SPECIAL XMAS BONUS: Agile Transformation and Business Agility in the Large with Peter Lam

Agile is necessary by not sufficient for Agility

When teams start adopting Scrum, it’s easy to think that when they are proficient in Scrum, the work is done. However, that’s not nearly enough to help the organization achieve its goals. What are the outcomes that the team is aiming for? Are those outcomes part of the team’s Vision, and Mission? 

Peter suggests that we should start our work by defining together with the team and stakeholders what success means. That becomes the first question to ask before we start our work with the team.

Bing bang approaches are sometimes necessary, but not sufficient for the momentum of change that is needed

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SPECIAL XMAS BONUS: Team Performance Predictors, with Sally Elatta

When we look at team performance in a business, we need to take into account 3 different metrics. Sally explains those 3 key metrics at the start of this episode, and we dive into why some metrics are good leading indicators of team performance. 

As we dive into performance metrics, we discuss what are some of the enablers for team performance, as well as how leaders, and leadership teams can positively impact the agility and performance of their teams. 

Measuring Maturity, Performance and Outcomes, the critical aspects of performance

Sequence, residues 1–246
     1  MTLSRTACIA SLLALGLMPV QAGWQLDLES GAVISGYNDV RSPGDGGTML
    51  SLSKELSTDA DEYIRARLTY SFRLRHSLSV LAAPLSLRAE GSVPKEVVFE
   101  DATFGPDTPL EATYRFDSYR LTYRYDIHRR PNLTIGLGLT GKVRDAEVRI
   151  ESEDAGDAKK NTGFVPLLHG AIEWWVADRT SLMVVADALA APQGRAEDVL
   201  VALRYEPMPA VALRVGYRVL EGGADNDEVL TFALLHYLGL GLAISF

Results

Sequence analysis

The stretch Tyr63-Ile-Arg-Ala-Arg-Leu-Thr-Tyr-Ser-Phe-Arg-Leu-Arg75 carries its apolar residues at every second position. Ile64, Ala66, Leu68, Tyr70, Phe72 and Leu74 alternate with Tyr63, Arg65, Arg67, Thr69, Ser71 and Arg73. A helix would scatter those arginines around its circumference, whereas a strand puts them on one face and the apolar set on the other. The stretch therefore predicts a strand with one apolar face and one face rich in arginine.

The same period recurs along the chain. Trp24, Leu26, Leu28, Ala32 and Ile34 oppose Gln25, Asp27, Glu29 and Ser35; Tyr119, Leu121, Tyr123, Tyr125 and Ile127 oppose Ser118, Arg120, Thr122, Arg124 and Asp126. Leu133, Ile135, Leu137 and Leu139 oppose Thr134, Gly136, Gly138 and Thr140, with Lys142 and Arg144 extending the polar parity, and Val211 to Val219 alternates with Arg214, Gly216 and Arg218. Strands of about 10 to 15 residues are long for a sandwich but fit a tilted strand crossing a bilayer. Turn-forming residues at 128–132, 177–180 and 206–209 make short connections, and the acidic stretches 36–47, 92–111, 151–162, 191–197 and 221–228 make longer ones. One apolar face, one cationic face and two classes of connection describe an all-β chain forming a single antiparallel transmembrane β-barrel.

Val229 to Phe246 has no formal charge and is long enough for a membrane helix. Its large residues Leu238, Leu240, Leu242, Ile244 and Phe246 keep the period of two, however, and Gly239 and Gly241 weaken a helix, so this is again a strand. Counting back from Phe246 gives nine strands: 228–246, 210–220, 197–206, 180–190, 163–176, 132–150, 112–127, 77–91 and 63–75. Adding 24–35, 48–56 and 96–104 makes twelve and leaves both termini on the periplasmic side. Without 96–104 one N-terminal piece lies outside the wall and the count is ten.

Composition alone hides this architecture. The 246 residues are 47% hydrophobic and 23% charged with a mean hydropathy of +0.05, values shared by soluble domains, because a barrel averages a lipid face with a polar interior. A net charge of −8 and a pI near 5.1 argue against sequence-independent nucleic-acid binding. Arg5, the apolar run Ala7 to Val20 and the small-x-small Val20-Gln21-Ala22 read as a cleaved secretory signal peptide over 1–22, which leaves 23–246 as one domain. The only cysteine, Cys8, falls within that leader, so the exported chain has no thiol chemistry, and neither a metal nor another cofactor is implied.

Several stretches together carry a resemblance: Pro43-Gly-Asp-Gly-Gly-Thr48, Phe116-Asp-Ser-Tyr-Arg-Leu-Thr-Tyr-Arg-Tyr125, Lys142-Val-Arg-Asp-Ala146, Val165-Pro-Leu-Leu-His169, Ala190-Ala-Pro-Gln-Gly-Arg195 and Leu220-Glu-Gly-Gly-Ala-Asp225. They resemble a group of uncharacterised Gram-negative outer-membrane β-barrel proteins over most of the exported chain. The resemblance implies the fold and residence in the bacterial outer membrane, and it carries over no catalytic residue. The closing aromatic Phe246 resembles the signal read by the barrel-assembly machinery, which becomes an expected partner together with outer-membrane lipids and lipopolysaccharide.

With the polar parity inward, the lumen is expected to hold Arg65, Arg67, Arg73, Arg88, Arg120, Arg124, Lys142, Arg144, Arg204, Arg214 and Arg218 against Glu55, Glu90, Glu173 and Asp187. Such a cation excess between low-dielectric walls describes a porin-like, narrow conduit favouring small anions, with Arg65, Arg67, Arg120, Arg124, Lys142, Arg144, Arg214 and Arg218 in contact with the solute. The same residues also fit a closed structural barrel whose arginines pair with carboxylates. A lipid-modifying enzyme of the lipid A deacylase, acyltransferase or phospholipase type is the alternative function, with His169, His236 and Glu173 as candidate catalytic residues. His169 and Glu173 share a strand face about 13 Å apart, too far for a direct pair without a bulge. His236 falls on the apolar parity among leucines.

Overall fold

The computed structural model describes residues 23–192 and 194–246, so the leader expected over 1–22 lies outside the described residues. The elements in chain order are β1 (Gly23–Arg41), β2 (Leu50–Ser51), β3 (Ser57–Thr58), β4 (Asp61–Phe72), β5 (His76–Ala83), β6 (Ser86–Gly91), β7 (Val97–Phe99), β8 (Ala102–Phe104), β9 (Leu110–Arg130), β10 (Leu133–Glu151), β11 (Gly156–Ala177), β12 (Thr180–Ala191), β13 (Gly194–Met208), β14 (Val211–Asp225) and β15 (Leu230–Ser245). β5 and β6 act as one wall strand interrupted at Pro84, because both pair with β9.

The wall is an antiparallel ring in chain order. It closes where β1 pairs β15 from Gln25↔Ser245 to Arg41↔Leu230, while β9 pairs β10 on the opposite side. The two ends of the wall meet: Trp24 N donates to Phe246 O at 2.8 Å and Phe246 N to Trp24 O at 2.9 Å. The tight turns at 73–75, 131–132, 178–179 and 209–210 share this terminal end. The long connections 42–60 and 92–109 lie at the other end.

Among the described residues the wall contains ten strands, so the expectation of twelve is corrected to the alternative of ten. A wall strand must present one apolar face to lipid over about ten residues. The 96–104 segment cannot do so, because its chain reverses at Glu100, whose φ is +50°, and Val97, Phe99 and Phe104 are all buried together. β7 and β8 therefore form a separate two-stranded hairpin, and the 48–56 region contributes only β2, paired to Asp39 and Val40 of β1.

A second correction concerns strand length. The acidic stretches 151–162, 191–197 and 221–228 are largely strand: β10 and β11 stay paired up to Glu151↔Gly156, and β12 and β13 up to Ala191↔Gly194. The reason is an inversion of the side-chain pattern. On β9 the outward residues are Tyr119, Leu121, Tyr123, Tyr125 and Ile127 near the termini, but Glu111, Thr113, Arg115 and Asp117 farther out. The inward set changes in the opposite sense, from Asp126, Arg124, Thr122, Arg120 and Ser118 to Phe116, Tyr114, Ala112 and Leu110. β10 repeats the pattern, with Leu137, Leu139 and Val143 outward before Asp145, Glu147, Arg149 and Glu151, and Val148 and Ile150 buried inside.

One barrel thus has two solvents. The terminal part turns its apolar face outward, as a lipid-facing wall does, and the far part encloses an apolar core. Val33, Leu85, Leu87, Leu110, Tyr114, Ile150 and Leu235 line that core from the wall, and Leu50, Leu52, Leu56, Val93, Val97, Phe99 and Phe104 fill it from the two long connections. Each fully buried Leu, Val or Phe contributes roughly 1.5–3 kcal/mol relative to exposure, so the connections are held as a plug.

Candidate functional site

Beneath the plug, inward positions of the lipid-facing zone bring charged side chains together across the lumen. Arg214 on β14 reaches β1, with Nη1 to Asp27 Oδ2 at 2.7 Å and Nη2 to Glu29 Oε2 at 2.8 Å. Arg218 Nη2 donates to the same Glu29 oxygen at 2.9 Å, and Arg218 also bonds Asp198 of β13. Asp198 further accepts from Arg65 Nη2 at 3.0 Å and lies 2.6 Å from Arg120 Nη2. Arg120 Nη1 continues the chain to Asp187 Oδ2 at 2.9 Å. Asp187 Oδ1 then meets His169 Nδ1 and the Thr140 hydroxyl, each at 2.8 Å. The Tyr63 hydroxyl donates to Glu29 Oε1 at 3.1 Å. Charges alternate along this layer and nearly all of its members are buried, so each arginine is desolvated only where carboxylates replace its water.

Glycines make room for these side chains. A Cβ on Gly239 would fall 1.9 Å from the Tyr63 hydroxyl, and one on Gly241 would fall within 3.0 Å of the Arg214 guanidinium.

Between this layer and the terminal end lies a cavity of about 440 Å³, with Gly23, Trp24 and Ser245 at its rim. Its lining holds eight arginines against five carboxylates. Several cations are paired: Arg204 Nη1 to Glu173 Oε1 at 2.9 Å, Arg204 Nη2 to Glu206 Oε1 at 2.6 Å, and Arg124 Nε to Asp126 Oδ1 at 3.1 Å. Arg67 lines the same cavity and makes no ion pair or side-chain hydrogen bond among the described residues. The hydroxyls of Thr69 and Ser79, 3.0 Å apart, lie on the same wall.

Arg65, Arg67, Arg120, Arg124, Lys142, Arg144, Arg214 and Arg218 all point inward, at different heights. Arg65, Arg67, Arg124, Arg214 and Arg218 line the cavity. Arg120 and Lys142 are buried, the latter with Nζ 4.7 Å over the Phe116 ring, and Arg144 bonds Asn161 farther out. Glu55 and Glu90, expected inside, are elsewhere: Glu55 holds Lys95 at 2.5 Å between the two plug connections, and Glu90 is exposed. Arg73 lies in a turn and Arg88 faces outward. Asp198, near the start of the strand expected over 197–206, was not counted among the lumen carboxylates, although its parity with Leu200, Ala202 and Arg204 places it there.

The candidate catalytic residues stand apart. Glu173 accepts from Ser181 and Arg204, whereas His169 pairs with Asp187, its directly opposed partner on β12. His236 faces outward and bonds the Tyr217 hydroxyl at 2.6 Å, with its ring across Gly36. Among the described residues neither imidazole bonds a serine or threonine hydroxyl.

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SPECIAL XMAS BONUS: The Joy of Agility, looking at Business Agility with Joshua Kerievsky

As Joshua started to research his book, he discovered many stories of people applying the principles and ideas behind agility to their lives, and their businesses. The Joy Of Agility is a book that collects those stories and explains what agility is really about. And it’s not about Scrum, or any other process framework. 

Joshua starts by telling us a story of a young Richard Branson who, having been left stranded on an airport, came up with an idea to get to his destination while helping other fellow passengers who had also been left stranded. This is a story of a person being resourceful in the face of adversity. Being resourceful is one of those aspects of agility that we often don’t discuss, but is – as Joshua puts it – at the core of Agility.

The art of perfecting your act

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SPECIAL XMAS BONUS: Personal Agility Framework to help unlock your potential, with Maria Matarelli and Peter Stevens

The Personal Agility Framework started with a conversation between Peter and Maria after Peter started to talk publicly about his own challenges as a business owner and an Agile Coach/Scrum Master. Peter realized he was working too much and needed some direction, some supporting structure to help him manage his work as well as his consulting business. 

The Personal Agility System emerged as a way to tackle the common problems many of us suffer every day: too large backlog, not having a clear direction, feeling overwhelmed and not having a clear goal focus. 

Peter describes the Personal Agility System as a foundational shift that helped him regain control over his life and his business, and that’s a theme we hear much more about as the episode progresses and Maria and Peter share stories of others that also applied the Personal Agility System.